For example, the Ninth Commandment is a prohibition against bearing false witness against our neighbor. Spiritually, that means seeing the truth about our neighbor—seeing him in the same way that God does. Mrs. Eddy’s explanation of man quoted earlier is the way God knows each of us. Man is perfect, as God is. As we apply this spiritual fact in refusing to accept that our neighbor can be anything but God’s spiritual, whole reflection, we understand more deeply the fullness of our relationship to God, and this brings greater harmony into our relationship with others.

The fourth beatitude promises, “Blessed are they which do hunger and thirst after righteousness: for they shall be filled.” Moment by moment striving to think and act rightly—in accord with the spiritual goodness that characterizes us as perfect children of God—enables us to better understand and demonstrate that perfection. And the book of James in the Bible says, “But be ye doers of the word, and not hearers only, deceiving your own selves” (1:22). Being “doers of the word”—for instance, obeying the Ten Commandments and living what the Beatitudes teach—brings into our thought and experience the immeasurably precious truth of our oneness with God, good.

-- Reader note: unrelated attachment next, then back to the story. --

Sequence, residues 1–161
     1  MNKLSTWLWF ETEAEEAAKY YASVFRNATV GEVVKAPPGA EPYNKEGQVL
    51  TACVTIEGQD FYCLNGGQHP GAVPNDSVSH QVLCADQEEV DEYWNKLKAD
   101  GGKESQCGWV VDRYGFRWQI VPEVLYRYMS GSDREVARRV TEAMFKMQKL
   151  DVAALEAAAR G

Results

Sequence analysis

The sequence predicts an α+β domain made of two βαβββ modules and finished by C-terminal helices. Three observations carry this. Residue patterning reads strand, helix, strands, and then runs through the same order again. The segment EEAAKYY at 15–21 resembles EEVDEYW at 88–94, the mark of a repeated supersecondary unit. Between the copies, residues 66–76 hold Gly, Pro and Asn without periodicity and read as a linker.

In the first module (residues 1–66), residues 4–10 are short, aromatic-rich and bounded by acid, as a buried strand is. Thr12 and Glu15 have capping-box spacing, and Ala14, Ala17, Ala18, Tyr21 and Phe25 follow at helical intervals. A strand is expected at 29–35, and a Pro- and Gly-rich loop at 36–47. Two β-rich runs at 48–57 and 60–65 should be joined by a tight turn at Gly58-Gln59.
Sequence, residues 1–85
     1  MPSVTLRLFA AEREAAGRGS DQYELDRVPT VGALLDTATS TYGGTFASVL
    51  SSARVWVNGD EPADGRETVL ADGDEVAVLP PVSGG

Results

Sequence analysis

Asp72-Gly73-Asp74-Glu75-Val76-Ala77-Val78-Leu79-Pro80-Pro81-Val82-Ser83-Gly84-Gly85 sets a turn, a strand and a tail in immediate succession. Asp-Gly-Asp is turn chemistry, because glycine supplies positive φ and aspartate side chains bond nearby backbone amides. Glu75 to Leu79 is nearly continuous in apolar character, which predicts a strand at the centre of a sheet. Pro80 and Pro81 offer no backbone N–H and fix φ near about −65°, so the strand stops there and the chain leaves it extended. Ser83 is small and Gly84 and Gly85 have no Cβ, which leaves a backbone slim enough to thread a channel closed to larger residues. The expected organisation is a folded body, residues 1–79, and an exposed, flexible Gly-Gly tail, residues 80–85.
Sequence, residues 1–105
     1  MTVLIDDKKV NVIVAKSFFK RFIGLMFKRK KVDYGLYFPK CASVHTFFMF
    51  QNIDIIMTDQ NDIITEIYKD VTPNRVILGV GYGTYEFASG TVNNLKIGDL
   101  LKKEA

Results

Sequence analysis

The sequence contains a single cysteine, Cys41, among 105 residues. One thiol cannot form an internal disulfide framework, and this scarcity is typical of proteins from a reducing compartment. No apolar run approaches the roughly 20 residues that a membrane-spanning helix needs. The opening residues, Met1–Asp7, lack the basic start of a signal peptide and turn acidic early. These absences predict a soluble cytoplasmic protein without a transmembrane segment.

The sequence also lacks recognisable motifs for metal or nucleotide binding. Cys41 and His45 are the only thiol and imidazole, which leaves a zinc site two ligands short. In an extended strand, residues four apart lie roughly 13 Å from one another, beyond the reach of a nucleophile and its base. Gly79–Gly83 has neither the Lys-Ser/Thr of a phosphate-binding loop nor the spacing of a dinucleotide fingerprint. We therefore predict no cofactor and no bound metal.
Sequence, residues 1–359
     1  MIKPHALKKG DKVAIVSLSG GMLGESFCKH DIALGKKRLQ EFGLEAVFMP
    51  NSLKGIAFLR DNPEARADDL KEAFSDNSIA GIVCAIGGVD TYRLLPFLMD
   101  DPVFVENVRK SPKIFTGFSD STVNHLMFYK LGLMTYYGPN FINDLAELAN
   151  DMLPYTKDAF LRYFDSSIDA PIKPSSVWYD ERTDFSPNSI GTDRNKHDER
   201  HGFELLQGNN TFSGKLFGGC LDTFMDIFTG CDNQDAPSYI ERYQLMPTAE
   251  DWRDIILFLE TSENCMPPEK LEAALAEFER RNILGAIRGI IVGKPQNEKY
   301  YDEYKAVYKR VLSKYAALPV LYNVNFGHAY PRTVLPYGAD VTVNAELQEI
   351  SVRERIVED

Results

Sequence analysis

I had an occasion last summer to experience this. It involved a car ride my wife and I were taking along a spectacular seascape in Maine. We had just left a cove after having lunch and were driving on a narrow two-lane road. Suddenly, I felt very ill, and it seemed that I was about to lose consciousness.